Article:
I lived for two years in Peru, where my husband Chris taught biology at a school in Lima, the capitol city. For two years, not one day passed for me without an interesting sight or person or event. Just buying a popsicle could turn into an adventure (partly because I had to do it in Spanish). Whenever we got a chance we would travel around Peru or Bolivia or Ecuador to visit the mountains, the desert, the Pacific coast or the rainforest. We traveled by bus and car and train and plane and boat and foot and llama (actually, llamas can’t carry grown-up people, but they carried our packs in the high mountains. Gracias, llamas!).
Traveling in South America you are guaranteed to meet all kinds of friendly and fascinating people. It’s the best part of being there! Of course I always had my sketchbook with me so I could write and draw what I learned along the way, including many stories about the fox, and one special story about Cuy (“Kwi”) the guinea pig.
What would the illustrations look like for a book about Cuy? I made dozens of pictures to find out! I tried scratchboard, colored pencil, watercolor and gouache (opaque watercolors). Finally I decided on rubber-cut prints and painted them with watercolors. To draw the mountains and the fields and the characters I had to pore over all the photos and sketches of our wonderful time in South America. It filled me with such longing I would dream at night of being there again.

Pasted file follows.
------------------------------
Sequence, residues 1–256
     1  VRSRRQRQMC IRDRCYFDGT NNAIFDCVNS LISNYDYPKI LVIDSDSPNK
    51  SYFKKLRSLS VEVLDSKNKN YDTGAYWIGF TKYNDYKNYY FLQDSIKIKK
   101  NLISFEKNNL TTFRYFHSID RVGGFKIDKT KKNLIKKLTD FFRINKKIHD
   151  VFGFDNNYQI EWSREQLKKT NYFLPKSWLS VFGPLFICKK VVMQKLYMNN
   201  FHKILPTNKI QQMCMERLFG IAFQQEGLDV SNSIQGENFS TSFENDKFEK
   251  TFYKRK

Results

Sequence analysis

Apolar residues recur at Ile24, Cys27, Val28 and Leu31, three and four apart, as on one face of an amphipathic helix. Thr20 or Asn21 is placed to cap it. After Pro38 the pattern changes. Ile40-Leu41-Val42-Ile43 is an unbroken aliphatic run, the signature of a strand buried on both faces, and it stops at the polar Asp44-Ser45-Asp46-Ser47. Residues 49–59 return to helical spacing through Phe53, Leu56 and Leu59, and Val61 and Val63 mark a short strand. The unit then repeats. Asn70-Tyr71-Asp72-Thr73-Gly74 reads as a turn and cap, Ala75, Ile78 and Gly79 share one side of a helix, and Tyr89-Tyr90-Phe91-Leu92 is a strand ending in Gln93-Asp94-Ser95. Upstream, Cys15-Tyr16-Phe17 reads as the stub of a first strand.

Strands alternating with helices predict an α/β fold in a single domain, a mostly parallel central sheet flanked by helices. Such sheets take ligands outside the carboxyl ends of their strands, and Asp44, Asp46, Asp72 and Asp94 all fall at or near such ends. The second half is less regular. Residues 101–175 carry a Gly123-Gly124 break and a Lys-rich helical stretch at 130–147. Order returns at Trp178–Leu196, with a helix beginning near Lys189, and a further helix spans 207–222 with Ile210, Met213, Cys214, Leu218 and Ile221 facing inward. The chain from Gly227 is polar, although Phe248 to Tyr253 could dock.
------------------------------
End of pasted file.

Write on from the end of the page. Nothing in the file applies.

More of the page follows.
You can find more teaching guides and other downloadable materials on my For Teachers page.
|Awards and Reviews for Love and Roast Chicken|
“(A) delightfully sly Peruvian folktale…Knutson's robust prints, characterized by heavy black lines and subdued colors, are remarkably effective in conveying expressions and humor.”
“An all-around, laugh-out-loud delight.”
“Lean nuggets of rollicking text read equally well before a group or by oneself, and Cuy’s sassy rejoinders make this Brer Rabbit analogue an engaging standout.”
“Knutson's boldly outlined, vibrant woodcut-and-watercolor artwork captures the mischievous nature of the guinea pig. Observant children will delight in the visual and cultural details and in the energy of these illustrations. A thoroughly enjoyable tale that deserves a place in most libraries.”
“An appealing tale of a trickster being tricked, this has solid child appeal.”
AWARDS AND HONORS
Automatically Yours - CATS Awards 2004
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